CambodiaLimited Progress on Free Elections, Human Rights, and Mine Clearing Gao ID: NSIAD-96-15BR February 29, 1996
The signing of the Paris Peace Accords in 1991 ended years of devastating civil war and started Cambodia on the road to building a democratic civil society. The United Nations Transitional Authority in Cambodia, established to carry out the accords, supervised the withdrawal of Vietnamese forces from Cambodia, repatriated more than 360,000 refugees, improved human rights conditions, and conducted free and fair national elections in 1993. The Authority concluded its mission in late 1993 with the formation of a duly elected government in Cambodia. This briefing report provides information on Cambodia's progress since 1993. GAO discusses (1) Cambodia's prospects for holding free and fair national elections by 1998; (2) its progress in meeting international human and political rights standards; and (3) its progress in clearing millions of land mines left over from decades of war.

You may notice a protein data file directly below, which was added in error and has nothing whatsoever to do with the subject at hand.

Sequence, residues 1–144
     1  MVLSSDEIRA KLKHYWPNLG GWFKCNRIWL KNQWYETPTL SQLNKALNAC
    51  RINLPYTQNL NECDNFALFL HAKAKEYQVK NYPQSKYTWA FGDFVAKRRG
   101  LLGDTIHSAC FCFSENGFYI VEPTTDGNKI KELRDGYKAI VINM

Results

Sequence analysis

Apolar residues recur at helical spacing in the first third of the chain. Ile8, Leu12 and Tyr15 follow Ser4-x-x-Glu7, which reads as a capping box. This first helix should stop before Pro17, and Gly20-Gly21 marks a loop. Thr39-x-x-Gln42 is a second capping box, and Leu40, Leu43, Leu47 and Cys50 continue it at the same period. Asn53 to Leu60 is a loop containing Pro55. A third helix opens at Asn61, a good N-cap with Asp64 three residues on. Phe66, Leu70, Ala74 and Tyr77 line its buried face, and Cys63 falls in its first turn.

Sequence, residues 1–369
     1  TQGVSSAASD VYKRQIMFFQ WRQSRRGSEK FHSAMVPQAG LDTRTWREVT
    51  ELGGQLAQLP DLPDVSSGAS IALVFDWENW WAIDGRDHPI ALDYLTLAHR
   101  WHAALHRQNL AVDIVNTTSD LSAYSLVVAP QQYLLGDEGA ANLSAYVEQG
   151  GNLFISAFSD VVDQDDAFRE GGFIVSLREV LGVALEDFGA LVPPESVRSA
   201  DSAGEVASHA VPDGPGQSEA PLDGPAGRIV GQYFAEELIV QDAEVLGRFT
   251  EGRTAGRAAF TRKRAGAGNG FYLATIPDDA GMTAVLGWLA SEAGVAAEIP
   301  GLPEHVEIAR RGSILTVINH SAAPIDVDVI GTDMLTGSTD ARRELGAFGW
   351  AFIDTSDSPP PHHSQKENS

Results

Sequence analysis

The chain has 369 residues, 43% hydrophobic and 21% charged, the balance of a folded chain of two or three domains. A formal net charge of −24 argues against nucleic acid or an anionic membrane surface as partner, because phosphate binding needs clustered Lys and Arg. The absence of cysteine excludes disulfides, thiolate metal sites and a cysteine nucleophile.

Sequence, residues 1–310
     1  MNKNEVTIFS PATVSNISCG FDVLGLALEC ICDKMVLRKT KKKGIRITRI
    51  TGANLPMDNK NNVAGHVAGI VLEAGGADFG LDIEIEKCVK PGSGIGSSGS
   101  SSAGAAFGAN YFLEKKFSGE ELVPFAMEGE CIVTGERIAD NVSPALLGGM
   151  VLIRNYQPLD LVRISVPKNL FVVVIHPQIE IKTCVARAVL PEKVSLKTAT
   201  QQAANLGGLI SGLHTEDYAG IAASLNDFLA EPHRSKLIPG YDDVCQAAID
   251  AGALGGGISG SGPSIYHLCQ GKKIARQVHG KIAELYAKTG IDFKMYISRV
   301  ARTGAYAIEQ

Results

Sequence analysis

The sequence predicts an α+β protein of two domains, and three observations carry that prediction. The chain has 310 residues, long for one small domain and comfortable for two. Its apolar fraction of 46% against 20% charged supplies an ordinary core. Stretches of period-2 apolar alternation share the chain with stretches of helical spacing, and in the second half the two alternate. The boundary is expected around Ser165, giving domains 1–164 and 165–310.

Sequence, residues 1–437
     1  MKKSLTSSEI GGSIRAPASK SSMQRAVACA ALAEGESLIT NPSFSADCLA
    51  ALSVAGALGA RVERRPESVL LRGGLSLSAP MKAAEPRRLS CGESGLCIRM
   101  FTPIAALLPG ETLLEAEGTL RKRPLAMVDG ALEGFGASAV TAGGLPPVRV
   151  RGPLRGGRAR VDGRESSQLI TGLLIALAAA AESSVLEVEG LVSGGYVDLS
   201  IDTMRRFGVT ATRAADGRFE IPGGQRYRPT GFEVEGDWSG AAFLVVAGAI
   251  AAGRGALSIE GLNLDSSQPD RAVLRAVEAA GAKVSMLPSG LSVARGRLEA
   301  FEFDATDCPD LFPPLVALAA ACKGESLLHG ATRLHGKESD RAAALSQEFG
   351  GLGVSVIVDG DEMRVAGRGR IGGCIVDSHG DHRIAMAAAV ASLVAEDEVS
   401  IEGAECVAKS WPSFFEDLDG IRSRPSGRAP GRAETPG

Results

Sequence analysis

GAO found that: (1) Cambodia lacks the electoral framework and the human and financial resources needed to support the elections process, has done little to prepare for national elections, and has fallen behind its proposed timetable for holding elections by mid-1998; (2) opposition parties' lack of fair access to the media and the disparity in the relative strengths of the political parties also present obstacles to holding free and fair elections; (3) although conditions have improved since the end of its civil war, Cambodian military and police forces remain ineffective and corrupt, few Cambodians receive due process or fair trials, and official corruption is widespread and growing; (4) recent government actions suggest increasing intolerance for dissenting opinion; (5) the presence of millions of land mines imposes a heavy economic and social burden on Cambodia, since the mines deny access to vast tracts of farmland, forests, and other natural resources and also interfere with the resettlement and reintegration of refugees; and (6) while the U.S. government has provided some funds, training, equipment, and supplies for mine clearing, the Cambodian government's lack of leadership, planning, and funding for mine clearing are among the most important factors explaining the lack of progress in this area.